Thinking on their feet, adapting to changing conditions and shifting momentum; that’s the making of competitive Test rugby performers, and in the midfield partnership between Owen Farrell and Johnny Sexton, Andy Farrell is beginning to like what he sees about these 2017 Lions.

The way the two fly-halves combined on Saturday having been thrown together in adversity as a 10-12 axis to help defeat the Crusaders on their home patch in Christchurch has whetted the appetite for the pairing to be resurrected come the Test series with the All Blacks, beginning in 11 days.

The pair were united in the 28th minute at AMI Stadium when outside centre Jon Davies went off for a Head Injury Assessment from which he would not return. 

Davies’ exit pushed Ben Te’o from inside to outside centre with Sexton moving into the fly-half berth as Saracens star Farrell switched to the position he occupies successfully for England in tandem with their starting No.10 George Ford.

What works for Eddie Jones did just fine for Lions head coach Warren Gatland in Christchurch. 

The understanding and communication between the English and Irish playmakers was evident in the number of try-scoring opportunities created for and ultimately wasted by their outside backs. 

It also belied the claims from Lions defence coach Farrell that Sexton and his son Owen had not previously trained together in that formation.

“I thought both of them (Farrell and Sexton) combined very well (in attack). I thought our shape was good. We created a lot of chances out of something and nothing. 

"At times there wasn’t much on and we created space for ourselves and made a few line breaks on the back of it. So obviously that cohesion worked pretty well for parts of the game.”

Neither had outside back replacement Anthony Watson trained at full-back on this tour yet he too was thrown in as cover in the last line of defence when Stuart Hogg ran into the elbow of team-mate Conor Murray eight minutes before Davies went off.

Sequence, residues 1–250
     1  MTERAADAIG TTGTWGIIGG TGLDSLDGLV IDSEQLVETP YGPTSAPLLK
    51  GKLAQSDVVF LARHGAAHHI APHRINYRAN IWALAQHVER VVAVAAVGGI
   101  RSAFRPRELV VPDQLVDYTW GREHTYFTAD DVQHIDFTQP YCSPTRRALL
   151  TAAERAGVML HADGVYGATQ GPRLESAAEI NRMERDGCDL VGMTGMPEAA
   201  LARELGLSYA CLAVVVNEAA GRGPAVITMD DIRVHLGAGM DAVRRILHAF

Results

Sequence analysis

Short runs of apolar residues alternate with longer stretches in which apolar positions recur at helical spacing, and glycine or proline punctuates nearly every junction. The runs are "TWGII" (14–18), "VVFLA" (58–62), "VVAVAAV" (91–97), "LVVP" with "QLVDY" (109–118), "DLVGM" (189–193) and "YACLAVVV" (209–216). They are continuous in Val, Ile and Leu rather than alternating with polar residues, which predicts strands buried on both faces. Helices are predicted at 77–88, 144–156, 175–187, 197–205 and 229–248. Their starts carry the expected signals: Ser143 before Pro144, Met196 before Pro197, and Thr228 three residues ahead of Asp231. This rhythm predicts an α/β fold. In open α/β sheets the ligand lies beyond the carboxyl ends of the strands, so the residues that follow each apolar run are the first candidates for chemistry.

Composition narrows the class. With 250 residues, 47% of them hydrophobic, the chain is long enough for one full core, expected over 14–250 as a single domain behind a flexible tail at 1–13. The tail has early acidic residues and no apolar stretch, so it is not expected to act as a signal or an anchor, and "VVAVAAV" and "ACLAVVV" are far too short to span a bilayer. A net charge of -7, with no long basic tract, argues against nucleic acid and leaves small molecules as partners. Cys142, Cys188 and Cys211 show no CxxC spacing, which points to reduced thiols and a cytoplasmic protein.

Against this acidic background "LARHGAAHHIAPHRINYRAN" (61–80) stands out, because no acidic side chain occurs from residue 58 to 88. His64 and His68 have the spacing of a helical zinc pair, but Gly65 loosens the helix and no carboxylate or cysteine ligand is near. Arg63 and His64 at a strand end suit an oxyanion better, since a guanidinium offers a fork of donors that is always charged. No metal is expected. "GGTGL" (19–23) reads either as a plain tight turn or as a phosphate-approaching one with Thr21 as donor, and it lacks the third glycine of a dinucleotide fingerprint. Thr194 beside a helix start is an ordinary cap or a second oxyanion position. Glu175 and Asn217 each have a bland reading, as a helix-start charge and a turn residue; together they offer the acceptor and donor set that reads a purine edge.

In spite of that and the enforced absence of Davies, the hastily reshuffled backline came up trumps defensively as far as Farrell senior was concerned, the Lions boosted by having kept the Crusaders tryless for the first time in 38 matches and in a season of 14 straight Super Rugby victories in which they have averaged 37 points scored per game.

“It changed a little bit on Saturday night simply because we hadn’t run there together,” Andy Farrell said of his defensive line. 

“Anthony Watson hadn’t trained at all at full-back and I thought he adapted fantastically well. It would help if we had a little more time (in training) but we will get time from now on in. 

"At this level when you explain something to a group and you think you’re talking to just a certain minority, the rest of them tend to listen as well and pick it up. I thought we adapted very well.

“It ain’t about just sprinting off the line. It’s about adapting to the situation. If the opposition get an offload, then the system has to change. I thought our decision-making of which system to use at the right time was very good on Saturday.”

The lack of tries from the tourists was a concern to the Lions coaches but the 12-3 victory over New Zealand’s finest and most in-form Super Rugby outfit clearly put a spring in the step of the entire entourage as they headed to Dunedin, their early missteps put down to the teething problems that can be expected when a group of 41 players from four nations come together and are asked to play twice a week against top-quality opposition.

“It’s always nice to win and the manner that we did is great,” Andy Farrell said. 

“There are all sorts of stats and records, but it is about (the next game) now. You have a beer or two and chat about it, but the lads are back on the horse the next day. It’s just about making sure we are going in the right direction and improving until we get to the Test matches. 

"We enjoyed Saturday and the feeling I get at this moment in time, and what I would feel if I was playing or in the stand watching, is one of excitement that I want to get out there and build on it. There is excitement in the group.”

As the defence coach suggested, the win over the Crusaders was being treated as merely an encouraging building block towards the first Test at Eden Park on June 24, and Farrell said another important step towards the All Blacks series was the emergence of some leadership in defence. 

With a midfield of Robbie Henshaw and Jonathan Joseph and Jared Payne at full-back against the Highlanders this morning, Farrell was hoping for some hands to go up just as they did last Saturday in Christchurch.

“I’m still looking for defensive leaders. I think everyone should be a leader in defence. If somebody messes up, everyone pays. I’m still looking for people to grab hold of the system and take it forward.

“We want that competition, don’t we? That’s why I’m not singling people out (as defensive captains). We’ll see who steps up.”

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